The World Wildlife Fund's Mexico director, Omar Vidal, says in a news release, "The conservation of monarch butterflies is a responsibility shared by Mexico, the US and Canada. By protecting its sanctuaries and practically eliminating large-scale deforestation, Mexico is doing its part. It is necessary that the US and Canada also do their part and protect the habitat of the monarch in their countries."
While the large-scale deforestation of the past has been virtually stopped, says Brower, logging that is fatal for the butterflies still takes place at higher elevations in the Oyamel forest, where the monarchs spend winters in Mexico. They favor the coniferous sacred fir tree for their colonies, which are largely inactive.
Brower says he has witnessed what he calls "predatory logging" in almost all of the last 35 years while researching the monarchs. That's when loggers fell one or two trees on one trip that, in total, could amount to about a hundred trees over the summer.
The butterflies form their colonies at high elevations, and "those trees provide the micro-climate for monarchs to survive," Brower explains. The trees provide shelter so the butterflies don't get wet as well as a blanket effect that moderates the temperatures inside the colonies.
Because of the high elevation, temperatures drop below freezing almost every night while the butterflies are there. If the butterflies get wet, their resistance to freezing drops way down.
"If you cut holes in the forest," Brower explains, the butterflies are both more likely to get wet and more likely to freeze. In addition, removing one tree also may expose the monarchs to too much sunlight, which can seriously shorten their lifespan.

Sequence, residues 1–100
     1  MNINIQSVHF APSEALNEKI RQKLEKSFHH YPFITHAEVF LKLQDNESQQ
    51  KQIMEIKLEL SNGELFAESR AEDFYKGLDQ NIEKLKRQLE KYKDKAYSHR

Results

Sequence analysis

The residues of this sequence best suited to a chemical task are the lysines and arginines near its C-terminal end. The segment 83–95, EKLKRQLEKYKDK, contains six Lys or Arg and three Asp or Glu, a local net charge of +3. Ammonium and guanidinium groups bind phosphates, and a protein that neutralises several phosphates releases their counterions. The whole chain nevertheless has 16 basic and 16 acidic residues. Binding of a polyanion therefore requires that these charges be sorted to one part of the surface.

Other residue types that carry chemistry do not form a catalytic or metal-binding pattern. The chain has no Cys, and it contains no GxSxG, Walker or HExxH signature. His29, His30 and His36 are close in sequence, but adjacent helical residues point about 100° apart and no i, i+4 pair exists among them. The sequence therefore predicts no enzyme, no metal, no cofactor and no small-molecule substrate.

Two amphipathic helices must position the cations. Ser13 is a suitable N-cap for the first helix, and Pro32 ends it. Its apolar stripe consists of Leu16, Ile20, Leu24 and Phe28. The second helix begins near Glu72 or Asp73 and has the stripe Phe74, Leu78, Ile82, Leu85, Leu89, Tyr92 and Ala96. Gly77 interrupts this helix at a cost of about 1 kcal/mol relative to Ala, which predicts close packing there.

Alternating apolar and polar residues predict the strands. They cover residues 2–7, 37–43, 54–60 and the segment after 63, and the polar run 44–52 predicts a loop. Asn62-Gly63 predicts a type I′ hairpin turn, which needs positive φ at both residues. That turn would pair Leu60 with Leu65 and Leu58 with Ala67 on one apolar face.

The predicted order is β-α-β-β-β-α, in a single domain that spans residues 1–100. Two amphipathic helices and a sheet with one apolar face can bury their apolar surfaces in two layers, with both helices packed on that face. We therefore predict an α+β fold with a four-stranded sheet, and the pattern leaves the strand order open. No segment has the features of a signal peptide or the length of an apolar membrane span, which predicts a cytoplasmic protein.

Despite the threats, so far the monarchs are sticking with their current locations in Mexico. A few years ago, Brower worked with NASA to look for other colonies and they found none.
According to Brower, "hugely excessive numbers of tourists are visiting" the Monarch Butterfly Biosphere Reserve.
On Brower's last Mexico trip, in late February, he helped lead a visit by former U.S. President Jimmy Carter and reports counting 24 large passenger buses in the visitor centre parking lot. Yet on a nearby trail, Brower spotted a sign stating a limit of 20 visitors at a time to the colony.
Without better management, Brower says ecotourism will overwhelm the butterflies.
Brower says that unless something is done about the various threats to the monarchs' survival, the migration will be diminished or "we may lose the migration altogether." It's not an extinction issue, at least, due to the monarch's widespread distribution, which includes the South Pacific and Australia.
To replace the milkweed, Craig Wilson is overseeing a program in his part of Texas to plant milkweed, with local farmer's cooperative stores providing potted plants. He would like to see a feeding corridor from Texas to Canada for the monarchs.
He has also helped set up four butterfly garden waystations around elementary schools.
Brower would like to see more of these programs, which help to some extent, but also because they get people engaged.
Brower also says that damaged areas of the Oyamel forest may recover.
"An area that's been seriously horse-logged is coming back under its own steam and if it's left alone for 10 or 15 years, it will recover to the point where the butterflies can survive pretty handily in that area."